Kangaroos versus All Blacks hybrid rugby blockbuster is backed by Hull KR’s Shaun Kenny-Dowall

ALTHOUGH many will see it as all rather futile, aside from the chance to make some much-need cash, it is still hard not to be drawn in by the chance of potentially watching the All Blacks take on the Kangaroos in a hybrid game of rugby.

Shaun Kenny-Dowall pushes forward. Hull KR v Wakefield Trinity. BetFred Super League. KCOM Craven Park Stadium. 31 January 2020. Picture Bruce Rollinson

In fact, let’s be brutally honest, after almost four months of no games in either code in this country, the prospect of the union versus league clash might lead some to be positively salivating.

New Zealand Rugby have said they are interested in the proposal that would see the three-times world champions face Australia’s rugby league World Cup winners, possibly on December 5.

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In a year where finances in the respective games have been decimated by the coronavirus, it is understandable why both parties may be open to such a bold suggestion, especially if border restrictions mean the All Blacks’ Bledisloe Cup series with the Wallabies cannot get underway in October.

Of course, we have been here before; for over a decade a one-off contest between Australia’s rugby union side and the Kangaroos has been touted without ever occurring and Bob Dwyer, the former Wallabies coach, has regularly and unsuccessfully looked at forming a hybrid game of some sort.

In this instance, the details so far are scratchy aside from the fact it will be 14-aside but the lure of the mighty All Blacks and the famous Green and Golds facing off against each other is something that will entice many.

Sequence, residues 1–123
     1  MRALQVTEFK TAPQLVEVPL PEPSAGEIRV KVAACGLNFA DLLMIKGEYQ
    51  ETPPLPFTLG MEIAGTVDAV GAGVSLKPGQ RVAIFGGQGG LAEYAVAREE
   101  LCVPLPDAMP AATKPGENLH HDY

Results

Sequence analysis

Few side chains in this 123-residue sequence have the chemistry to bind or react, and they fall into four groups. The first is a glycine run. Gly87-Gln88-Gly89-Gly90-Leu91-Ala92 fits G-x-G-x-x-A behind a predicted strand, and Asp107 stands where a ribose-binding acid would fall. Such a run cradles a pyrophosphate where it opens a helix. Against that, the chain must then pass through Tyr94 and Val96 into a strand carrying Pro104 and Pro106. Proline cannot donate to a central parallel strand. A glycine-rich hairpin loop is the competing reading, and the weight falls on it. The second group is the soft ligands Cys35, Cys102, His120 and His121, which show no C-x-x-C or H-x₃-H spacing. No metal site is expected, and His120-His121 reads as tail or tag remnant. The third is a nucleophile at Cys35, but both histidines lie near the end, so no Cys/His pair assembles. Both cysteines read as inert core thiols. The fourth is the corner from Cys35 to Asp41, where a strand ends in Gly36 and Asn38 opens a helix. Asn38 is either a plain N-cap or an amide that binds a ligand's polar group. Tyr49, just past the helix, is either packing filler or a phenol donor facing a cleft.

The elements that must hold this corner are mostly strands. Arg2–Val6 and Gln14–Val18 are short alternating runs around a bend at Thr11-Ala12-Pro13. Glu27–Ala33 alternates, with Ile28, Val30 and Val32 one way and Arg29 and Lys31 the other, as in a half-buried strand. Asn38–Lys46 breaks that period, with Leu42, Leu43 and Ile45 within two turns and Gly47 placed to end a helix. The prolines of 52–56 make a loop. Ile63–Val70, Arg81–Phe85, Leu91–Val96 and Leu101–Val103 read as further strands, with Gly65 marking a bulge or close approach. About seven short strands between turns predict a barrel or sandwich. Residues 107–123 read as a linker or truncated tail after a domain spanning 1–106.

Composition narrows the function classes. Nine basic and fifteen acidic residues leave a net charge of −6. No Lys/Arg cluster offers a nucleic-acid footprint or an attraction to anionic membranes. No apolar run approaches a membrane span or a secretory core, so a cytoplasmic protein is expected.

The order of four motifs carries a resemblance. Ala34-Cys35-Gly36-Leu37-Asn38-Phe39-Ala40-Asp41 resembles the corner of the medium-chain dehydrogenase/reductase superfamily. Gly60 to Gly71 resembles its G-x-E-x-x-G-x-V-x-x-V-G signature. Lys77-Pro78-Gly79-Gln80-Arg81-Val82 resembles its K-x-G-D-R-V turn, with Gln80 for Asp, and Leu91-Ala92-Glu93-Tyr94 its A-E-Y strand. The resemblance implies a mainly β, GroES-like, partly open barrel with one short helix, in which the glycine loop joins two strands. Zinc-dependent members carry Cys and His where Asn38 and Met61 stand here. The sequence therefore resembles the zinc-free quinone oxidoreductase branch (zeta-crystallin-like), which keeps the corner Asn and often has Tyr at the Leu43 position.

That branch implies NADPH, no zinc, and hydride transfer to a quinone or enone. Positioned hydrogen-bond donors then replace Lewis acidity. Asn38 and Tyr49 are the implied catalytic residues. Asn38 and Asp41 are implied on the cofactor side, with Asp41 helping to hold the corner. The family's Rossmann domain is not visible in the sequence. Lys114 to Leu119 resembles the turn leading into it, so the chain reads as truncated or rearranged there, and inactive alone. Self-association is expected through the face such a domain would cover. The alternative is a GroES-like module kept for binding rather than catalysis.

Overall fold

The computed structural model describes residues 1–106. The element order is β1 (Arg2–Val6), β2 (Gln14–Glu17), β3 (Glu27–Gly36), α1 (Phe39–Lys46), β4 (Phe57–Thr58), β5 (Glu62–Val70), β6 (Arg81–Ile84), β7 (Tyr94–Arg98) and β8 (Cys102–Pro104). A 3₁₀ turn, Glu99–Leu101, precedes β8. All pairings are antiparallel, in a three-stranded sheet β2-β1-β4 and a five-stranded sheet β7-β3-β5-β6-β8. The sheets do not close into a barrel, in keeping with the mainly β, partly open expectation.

Hull KR centre Shaun Kenny-Dowall, for one, is hopeful it gets off the ground arguing its potential to raise rugby league’s profile across the world and especially given he has a foot in both camps.

Although born in Brisbane, he moved to Auckland aged three and grew up in New Zealand, before heading back to Australia to make his name in the NRL.

New Zealand's Beauden Barrett (centre) breaks clear during the 2019 Rugby World Cup Pool B match at International Stadium Yokohama, Yokohama City. PA Photo. Picture date: Saturday September 21, 2019. See PA story RUGBYU New Zealand. Photo credit should read: Adam Davy/PA Wire. RESTRICTIONS: Editorial use only. Strictly no commercial use or association. Still image use only. Use implies acceptance of RWC 2019 T&Cs (in particular Section 5 of RWC 2019 T&Cs) at: https://bit.ly/2knOId6

There he made his name with Sydney Roosters where he won a Grand Final alongside dual-code superstar Sonny Bill Williams and faced many of the current Kangaroos stars.

However, Kenny-Dowall represented New Zealand on the international stage, winning 21 caps for the Kiwis and twice helping them lift the Four Nations.

“These are two great brands,” he told The Yorkshire Post.

“The All Blacks and the Kangaroos. The All Blacks will take the game of rugby league global and it will catch a lot of attention.